As I previously mentioned, the Speed-Dial feature in Opera is really nice, though it does take some getting used to. It also gives each site a keyboard shortcut depending on which spot it is placed in, ranging from Cmd+1 to how ever high you set it to. Another feature which is great is the trash can, located on the right of the tab bar. This allows you to go through and find tabs that you may have closed accidentally and wanted to re-open – very handy. And yes I know Firefox has this capability as well, but its not as neat and welcoming as the Opera version. Finally, built into the browser are things called widgets, which are simply put, almost identical to Dashboard widgets – just from Opera. They are free-floating mini applications that handle everything from the weather to your to-do’s and they sit neatly on your desktop.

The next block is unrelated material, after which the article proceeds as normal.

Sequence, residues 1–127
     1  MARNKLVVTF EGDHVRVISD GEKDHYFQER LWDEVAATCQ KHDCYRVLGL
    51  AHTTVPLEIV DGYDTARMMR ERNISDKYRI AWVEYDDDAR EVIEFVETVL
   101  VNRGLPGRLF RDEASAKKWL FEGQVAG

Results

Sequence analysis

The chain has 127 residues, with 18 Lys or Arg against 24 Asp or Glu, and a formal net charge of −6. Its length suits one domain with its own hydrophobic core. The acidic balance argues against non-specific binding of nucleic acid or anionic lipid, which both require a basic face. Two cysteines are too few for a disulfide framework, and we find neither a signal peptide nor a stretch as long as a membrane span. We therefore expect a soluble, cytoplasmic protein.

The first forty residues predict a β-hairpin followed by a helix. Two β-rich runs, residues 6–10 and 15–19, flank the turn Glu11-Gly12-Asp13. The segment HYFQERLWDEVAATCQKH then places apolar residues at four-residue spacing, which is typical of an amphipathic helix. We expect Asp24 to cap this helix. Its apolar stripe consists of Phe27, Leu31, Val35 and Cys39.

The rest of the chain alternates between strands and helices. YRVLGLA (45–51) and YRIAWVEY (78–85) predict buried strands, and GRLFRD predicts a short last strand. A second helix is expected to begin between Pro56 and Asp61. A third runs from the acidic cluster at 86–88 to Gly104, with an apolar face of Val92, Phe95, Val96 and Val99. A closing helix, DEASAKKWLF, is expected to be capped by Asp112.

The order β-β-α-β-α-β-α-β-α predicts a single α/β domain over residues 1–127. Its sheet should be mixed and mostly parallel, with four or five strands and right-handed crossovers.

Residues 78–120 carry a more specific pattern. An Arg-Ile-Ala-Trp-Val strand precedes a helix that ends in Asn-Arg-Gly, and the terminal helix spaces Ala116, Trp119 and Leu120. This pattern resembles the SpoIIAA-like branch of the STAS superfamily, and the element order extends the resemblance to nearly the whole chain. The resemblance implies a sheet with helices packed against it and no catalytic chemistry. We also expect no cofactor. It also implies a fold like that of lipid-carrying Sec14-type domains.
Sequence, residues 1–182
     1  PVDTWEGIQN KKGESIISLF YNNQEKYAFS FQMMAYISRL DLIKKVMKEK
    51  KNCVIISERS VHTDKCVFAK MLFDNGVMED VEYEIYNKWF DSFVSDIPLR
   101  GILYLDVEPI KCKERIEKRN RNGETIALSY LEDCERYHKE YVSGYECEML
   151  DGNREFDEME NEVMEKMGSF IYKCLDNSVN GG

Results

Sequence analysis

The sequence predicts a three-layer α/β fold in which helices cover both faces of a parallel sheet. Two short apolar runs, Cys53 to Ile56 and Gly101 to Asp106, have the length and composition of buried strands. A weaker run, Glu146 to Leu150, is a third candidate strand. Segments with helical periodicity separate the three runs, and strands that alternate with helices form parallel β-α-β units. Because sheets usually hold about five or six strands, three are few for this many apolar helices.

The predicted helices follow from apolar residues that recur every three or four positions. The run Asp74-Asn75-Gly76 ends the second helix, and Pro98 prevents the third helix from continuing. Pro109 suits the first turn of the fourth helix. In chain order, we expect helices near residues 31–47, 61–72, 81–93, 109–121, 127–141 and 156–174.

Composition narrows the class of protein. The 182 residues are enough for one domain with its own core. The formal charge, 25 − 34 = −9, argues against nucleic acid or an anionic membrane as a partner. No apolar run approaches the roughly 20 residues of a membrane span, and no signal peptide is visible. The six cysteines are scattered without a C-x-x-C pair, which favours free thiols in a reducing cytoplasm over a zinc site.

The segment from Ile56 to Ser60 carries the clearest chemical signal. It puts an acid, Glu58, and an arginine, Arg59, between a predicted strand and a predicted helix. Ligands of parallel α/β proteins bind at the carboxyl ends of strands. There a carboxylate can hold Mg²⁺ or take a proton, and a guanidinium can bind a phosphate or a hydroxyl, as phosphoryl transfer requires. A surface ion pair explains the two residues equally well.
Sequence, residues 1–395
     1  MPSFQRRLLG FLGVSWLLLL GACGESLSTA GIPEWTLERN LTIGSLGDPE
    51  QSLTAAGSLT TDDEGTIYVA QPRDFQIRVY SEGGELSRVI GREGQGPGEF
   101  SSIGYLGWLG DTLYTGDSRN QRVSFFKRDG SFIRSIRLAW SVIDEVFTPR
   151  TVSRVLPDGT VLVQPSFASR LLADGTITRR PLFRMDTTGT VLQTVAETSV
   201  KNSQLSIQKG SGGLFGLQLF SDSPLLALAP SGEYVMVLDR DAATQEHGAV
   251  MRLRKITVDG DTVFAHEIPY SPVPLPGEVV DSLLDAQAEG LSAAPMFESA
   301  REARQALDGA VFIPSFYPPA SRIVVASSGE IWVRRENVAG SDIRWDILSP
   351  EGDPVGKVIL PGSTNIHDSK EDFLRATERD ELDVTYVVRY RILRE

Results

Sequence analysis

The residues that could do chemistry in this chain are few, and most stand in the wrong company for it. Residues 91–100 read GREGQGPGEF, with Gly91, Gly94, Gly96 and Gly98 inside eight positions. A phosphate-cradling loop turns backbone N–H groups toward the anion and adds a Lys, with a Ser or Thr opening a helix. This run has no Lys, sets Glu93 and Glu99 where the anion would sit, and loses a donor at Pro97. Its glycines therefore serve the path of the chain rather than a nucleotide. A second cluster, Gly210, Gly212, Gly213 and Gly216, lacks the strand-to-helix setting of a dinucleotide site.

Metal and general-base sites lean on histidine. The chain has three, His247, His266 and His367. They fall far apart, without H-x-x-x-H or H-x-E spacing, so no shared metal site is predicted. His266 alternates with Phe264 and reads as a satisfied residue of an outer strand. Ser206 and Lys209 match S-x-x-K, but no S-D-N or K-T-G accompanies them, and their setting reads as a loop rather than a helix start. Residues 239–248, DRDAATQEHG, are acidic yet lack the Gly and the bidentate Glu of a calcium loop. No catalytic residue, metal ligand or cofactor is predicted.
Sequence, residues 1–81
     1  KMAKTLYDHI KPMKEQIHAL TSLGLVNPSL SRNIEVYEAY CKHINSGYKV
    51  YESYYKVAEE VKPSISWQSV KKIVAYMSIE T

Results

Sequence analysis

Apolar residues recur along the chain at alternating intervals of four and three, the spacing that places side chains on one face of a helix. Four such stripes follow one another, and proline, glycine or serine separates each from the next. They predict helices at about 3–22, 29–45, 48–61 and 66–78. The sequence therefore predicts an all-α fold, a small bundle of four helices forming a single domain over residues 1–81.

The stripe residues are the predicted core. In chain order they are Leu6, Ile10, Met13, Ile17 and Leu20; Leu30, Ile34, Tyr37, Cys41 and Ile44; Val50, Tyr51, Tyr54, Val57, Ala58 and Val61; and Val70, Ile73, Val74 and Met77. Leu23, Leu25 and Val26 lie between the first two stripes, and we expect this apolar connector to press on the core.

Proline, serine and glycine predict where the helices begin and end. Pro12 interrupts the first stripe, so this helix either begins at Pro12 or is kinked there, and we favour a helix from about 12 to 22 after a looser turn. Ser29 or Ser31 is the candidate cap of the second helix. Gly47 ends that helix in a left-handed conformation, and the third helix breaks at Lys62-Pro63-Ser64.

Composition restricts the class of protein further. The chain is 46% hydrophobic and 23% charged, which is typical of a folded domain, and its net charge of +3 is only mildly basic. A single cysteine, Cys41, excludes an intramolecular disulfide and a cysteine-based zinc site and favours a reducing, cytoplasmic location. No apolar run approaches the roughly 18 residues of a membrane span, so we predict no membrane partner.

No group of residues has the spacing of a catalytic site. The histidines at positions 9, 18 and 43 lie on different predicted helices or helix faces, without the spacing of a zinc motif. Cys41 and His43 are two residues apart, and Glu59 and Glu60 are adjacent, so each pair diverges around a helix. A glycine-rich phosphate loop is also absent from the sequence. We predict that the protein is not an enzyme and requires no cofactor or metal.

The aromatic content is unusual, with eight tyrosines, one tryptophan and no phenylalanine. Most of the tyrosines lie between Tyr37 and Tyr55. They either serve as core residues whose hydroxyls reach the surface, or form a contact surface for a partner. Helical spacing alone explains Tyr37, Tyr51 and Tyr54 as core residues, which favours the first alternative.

After reading this article, I hope you consider giving Opera 9.5 a chance, and it’s definitely far from last place in the browser war. You can check out there web site here and it will run on OS X, Windows and Linux. Happy browsing.





Windows 7 Preview at ATD

27 05 2008